01 November 2010
You have started to read this blog – you have made a choice, whether you continue to read it, is again another choice you will make. We all make choices everyday, the choices and decisions we make affect both ourselves and the people we care about some directly and others indirectly.
Some choices are harder and have more of an affect on ourselves and our loved ones than others. Some of these will be the hardest choices that you will ever make and you may never have thought that you would have to make them. Choosing care for your loved ones is one of these choices.
How many of us know someone in need of care? Take a minute to think about it…………..
At some point in all our lives we or someone that we care about will be touched by illness, accident or if lucky, natural old age.
Care is not something that we tend to think about until it directly effects us. We take the attitude that “it happens to them not us” and until it smacks us right between the eyes we bury our heads in the sand.
Care is becoming a bigger and bigger part of our society. With health care improving and the age of the population increasing, care is becoming one of the the hottest topics being talked about. Politicians are jumping on the band waggon, promising reforms in this and bonuses on that; celebrities too, some for personal reasons, others for, well…who knows…….!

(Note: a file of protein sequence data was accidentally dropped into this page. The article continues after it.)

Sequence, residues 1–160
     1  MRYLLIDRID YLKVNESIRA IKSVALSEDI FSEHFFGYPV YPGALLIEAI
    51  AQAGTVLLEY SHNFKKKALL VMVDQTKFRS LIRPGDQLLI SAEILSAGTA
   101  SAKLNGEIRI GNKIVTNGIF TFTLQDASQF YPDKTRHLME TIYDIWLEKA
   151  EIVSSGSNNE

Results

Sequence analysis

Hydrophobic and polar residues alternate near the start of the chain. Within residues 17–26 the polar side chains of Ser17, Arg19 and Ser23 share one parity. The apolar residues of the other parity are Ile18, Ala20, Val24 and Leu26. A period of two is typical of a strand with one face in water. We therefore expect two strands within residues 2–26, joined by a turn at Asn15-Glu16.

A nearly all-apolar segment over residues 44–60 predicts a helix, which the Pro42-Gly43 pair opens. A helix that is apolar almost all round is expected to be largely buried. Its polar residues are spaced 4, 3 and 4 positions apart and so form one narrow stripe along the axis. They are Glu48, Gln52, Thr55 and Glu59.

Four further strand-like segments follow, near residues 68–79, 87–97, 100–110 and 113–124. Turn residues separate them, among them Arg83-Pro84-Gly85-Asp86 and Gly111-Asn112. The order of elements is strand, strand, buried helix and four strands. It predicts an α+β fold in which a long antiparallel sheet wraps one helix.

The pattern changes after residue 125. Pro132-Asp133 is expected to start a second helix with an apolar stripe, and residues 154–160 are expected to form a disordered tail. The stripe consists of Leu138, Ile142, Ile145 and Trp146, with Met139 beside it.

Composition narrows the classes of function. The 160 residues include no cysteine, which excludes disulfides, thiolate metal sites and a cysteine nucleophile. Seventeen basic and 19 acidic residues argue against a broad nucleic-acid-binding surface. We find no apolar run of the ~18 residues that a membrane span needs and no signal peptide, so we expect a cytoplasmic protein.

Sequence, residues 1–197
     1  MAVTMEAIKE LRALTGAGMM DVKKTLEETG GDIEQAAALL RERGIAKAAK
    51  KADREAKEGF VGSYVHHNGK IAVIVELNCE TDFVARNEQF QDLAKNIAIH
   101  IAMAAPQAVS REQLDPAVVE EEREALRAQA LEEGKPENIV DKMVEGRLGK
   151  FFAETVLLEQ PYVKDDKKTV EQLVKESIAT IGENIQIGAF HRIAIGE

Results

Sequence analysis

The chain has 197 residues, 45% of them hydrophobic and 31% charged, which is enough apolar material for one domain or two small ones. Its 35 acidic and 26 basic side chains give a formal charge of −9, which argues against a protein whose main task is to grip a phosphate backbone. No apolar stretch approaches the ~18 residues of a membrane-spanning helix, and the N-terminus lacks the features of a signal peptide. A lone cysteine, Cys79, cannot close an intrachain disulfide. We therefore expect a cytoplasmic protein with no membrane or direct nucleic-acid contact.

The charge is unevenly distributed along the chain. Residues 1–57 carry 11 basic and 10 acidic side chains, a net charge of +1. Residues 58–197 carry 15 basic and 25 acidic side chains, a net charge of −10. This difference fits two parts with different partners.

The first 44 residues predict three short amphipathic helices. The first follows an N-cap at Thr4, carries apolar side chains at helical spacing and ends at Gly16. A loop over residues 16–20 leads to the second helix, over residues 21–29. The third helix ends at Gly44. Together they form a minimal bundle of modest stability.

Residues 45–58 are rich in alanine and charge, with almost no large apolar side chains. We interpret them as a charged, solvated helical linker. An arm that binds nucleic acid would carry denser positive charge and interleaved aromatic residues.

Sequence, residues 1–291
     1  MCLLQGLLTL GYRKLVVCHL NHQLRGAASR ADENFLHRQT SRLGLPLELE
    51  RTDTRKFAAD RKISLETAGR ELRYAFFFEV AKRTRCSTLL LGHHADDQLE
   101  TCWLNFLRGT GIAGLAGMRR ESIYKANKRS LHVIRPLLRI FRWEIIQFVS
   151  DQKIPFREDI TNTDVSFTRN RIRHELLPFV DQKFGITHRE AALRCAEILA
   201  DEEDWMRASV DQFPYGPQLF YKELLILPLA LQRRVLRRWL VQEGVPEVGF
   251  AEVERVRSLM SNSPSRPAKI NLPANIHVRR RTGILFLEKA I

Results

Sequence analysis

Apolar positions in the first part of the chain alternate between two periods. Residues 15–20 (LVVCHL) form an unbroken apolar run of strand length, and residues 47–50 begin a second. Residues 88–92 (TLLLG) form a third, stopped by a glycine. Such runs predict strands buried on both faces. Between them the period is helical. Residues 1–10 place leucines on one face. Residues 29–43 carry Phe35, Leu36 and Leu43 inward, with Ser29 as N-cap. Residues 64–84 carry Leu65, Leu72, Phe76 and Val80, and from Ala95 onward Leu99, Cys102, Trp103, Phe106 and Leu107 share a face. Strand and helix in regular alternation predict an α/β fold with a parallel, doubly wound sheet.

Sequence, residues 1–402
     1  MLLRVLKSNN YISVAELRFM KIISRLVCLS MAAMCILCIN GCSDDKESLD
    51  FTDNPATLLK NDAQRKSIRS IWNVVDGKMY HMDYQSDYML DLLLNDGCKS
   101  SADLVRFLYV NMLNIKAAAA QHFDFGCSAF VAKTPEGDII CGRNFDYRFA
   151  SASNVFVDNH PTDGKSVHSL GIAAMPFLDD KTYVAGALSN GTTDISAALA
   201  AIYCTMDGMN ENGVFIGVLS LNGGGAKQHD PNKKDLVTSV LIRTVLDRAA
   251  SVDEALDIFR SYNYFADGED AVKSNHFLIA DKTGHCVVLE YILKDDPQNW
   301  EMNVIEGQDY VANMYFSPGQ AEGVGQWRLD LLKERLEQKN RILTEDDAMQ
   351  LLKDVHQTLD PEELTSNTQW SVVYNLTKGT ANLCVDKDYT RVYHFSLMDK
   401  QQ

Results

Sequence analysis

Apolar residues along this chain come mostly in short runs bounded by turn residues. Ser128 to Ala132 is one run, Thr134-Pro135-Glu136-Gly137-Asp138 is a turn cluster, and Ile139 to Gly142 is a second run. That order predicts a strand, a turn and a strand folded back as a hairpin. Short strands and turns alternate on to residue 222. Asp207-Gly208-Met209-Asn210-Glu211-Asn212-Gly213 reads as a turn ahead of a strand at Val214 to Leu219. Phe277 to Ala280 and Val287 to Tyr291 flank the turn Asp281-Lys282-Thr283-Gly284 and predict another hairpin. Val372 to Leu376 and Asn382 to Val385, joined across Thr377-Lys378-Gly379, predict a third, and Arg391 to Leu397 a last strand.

This all goes to show what a crucial subject care is.
There are two general types of care:
Residential Care – This is where you move out of your own home and into a separate residential setting (houses, flats or rooms) provided by either a private or government organisation.
Home Care – Where you stay in your own home, and the carer either lives with you or pays you prearranged visits at time to suit you through-out the day.
There are advantages to both as every need is different, but home care is becoming more and more popular, as people are able to stay at home, surrounded by all their belongings, loved ones, pets and very importantly, memories
Home care provides constant one to one support and companionship that simply isn’t there in nursing homes or other residential organisations. It allows our loved ones or even ourselves to be individuals and make choices in everyday life.
It may be a simple choice of what top to wear today or what to have for breakfast, marmalade or marmite on toast? You may not want toast at all preferring scrambled eggs.
We all have a right to choose, its what we do with that choice that counts.